Many forms of teeth whitening treatments have been used by dentists to remove years of stains from patients’ smiles. Although it’s considered safe, whitening treatments can leave some patients with a temporary sensation of tooth sensitivity. So what is the reasoning for this? Most often it is connected to peroxide whiteners and dentinal tubules.
Reasons for Increased Sensitivity
There are multiple causes of tooth sensitivity, and the level of pain can vary across patients. Theories speculate the strong role of whitening agents on dentinal tubules and the mechanisms that cause hypersensitivity. Studies show that acidic diets and low salivary pH levels demineralize peritubular dentin, often resulting in doubling the diameter of dentinal tubular orifices, as well as flaring the orifices similar to a trombone. Obviously, larger diameter and flared tubular orifices are not as likely to be closed with smear plugs, and once smear plugs are formed, they are dislodged far more easily, which increases sensitivity.
All peroxide-based whitening gels often lead to increased sensitivity through the dislodging of smear plugs. When smear plugs are removed, whitening gels come into direct contact with dentinal tubular fluids. The difference in osmolality between tubular fluid and whitening gel results in an osmotic gradient pulling dentinal tubular fluid outward, resulting in sensitivity.
Due to their hypertonicity, whitening gels range anywhere from 17 to 190 times higher in osmolality than natural dentinal tubular fluid. The greater the osmolality a whitening gel contains, the stronger the osmotic gradient will be between the gel and the tubular fluid, the more “pull” on the tubular fluid, and the more discomfort is experienced by the patient.
Acidifiers (phosphoric acid) and anhydrous gels are common chemical stabilizers used by whitening gel manufacturers because they reduce the need for constant refrigeration. This greater chemical stability caused by the addition of these chemical stabilizers causes two significant concerns:
- Acid and anhydrous gel ingredients increase the osmolality of whitening gels up to 11 times higher than 100% aqueous and neutral pH gels. This causes up to 11 times more “pull” on dentinal tubular fluid, and significantly greater teeth sensitivity.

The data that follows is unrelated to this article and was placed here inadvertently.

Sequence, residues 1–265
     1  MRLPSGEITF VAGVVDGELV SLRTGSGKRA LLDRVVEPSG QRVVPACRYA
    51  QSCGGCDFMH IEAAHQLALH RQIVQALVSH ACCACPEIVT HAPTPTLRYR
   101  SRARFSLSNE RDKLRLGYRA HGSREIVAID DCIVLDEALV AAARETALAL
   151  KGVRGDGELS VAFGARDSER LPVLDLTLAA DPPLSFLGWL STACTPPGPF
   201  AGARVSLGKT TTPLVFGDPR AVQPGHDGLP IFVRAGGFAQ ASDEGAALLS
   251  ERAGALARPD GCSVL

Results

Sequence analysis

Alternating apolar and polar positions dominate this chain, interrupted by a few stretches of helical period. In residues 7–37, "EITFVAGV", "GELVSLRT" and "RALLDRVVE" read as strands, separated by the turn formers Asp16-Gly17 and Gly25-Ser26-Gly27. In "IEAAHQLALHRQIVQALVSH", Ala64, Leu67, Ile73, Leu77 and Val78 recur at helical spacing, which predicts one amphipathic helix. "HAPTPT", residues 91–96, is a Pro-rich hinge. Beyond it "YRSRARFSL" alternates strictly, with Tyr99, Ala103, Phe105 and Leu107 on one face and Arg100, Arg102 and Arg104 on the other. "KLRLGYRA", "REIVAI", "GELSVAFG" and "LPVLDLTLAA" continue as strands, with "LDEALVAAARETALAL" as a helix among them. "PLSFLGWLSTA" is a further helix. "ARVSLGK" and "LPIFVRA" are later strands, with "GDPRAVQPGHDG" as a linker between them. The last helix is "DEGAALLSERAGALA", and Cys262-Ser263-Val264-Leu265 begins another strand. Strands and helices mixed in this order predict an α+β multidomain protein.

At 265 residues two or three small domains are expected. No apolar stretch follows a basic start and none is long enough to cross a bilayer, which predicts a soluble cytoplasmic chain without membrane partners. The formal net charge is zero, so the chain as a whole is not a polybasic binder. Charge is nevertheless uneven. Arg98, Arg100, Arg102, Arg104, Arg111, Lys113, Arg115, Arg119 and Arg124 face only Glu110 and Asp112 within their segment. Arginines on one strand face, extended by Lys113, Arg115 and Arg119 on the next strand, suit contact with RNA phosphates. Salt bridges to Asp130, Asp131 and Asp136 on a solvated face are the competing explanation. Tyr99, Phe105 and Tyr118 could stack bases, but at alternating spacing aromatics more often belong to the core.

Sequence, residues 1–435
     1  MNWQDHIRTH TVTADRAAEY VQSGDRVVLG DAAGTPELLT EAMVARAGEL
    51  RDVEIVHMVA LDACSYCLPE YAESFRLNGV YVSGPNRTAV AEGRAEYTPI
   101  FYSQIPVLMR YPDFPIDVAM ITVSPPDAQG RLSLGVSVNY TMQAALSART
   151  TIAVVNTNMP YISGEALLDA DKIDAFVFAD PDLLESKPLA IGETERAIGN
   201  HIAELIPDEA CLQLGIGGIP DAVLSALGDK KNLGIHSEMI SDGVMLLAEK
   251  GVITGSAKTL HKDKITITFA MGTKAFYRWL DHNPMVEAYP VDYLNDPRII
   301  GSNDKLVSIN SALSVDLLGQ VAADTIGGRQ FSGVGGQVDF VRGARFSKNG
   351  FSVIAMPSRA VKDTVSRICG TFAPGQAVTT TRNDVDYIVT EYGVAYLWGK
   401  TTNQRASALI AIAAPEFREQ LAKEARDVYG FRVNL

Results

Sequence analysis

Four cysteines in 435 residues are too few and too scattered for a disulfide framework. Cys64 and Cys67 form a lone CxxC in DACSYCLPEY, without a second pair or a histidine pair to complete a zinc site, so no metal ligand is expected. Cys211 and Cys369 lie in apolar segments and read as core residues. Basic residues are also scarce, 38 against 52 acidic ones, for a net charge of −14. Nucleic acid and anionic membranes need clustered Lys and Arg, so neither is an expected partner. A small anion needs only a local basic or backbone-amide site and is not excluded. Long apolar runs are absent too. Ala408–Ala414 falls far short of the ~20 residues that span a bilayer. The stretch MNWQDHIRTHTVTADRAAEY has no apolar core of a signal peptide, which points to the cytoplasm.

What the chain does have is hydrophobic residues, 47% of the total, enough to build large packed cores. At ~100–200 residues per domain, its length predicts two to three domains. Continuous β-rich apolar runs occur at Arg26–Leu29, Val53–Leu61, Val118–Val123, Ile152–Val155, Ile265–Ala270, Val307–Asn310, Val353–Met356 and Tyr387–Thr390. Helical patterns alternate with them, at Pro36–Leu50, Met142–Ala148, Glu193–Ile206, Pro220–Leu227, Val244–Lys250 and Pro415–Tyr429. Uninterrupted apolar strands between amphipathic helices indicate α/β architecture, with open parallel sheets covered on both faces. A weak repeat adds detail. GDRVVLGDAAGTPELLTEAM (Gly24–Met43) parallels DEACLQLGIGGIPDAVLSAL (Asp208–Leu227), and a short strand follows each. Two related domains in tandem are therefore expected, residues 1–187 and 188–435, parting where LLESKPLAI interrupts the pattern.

- By causing the whitening gels to be more chemically stable, they are not as unstable as we would like when placed in the mouth. The more unstable the whitening gels are in the mouth, the more thoroughly and effectively they release the whitening byproducts of any type of peroxide.
Science has shown that constant refrigeration is by far the best way to retain maximum potency in peroxide gels without the addition of chemical stabilizers that decrease whitening effectiveness and increase the risk of sensitivity.
Addition of Desensitizers to Whitening Gels
Some whitening manufacturers use fluoride, potassium nitrate and/or ACP in their whitening gels. However, studies show that, when mixed into the whitening gel formulation, none of these substances have proven to decrease sensitivity. Peroxide gels must have aggressive chemistry and a fast oxygenation process to be effective. This means that any orderly, passive formation of dentinal tubular plugs by fluoride or ACP is entirely interrupted by the aggressive oxygenation chemical reaction of the peroxide gels.
Potassium nitrate, on the other hand, does not plug dentinal tubules. It must migrate through the dentinal tubules and into the pulp of the teeth to have any positive benefit. The osmotic gradient produced by all whitening gels causes dentinal tubular fluid to flow outward, away from the pulp. Therefore, potassium nitrate would have to somehow, “swim upstream against the current” to reach the pulp during the whitening process, which is scientifically unlikely.
The KöR Whitening System
The scientific literature is generally in agreement that the best way of handling whitening gels is constant refrigeration, from the instant of manufacture until received cold by the dental practice, instead of use of chemical stabilizers.
This provides not only whitening gels that are at virtually 100% of the original potency but also results in exceptionally unstable gels when placed in the mouth, leading to extraordinary whitening effectiveness. With no need for chemical stabilizers (because of constant refrigeration), the osmolality is as low as 1/11th compared to other whitening gels, resulting in significantly less pull on dentinal tubular fluid, and less likelihood of sensitivity.
Additionally, the scientific literature is also generally in agreement that desensitizers should be used before and/or after whitening gel applications, however, should not be mixed within the whitening gel formulation itself.
It is important to understand the science behind teeth whitening in order to produce a positive treatment experience for patients. That’s why KöR Whitening’s solutions are based in scientific research, to create reliable and results-oriented whitening solutions. To learn more about the KöR Whitening system and how to provide our products to your patients, contact us today.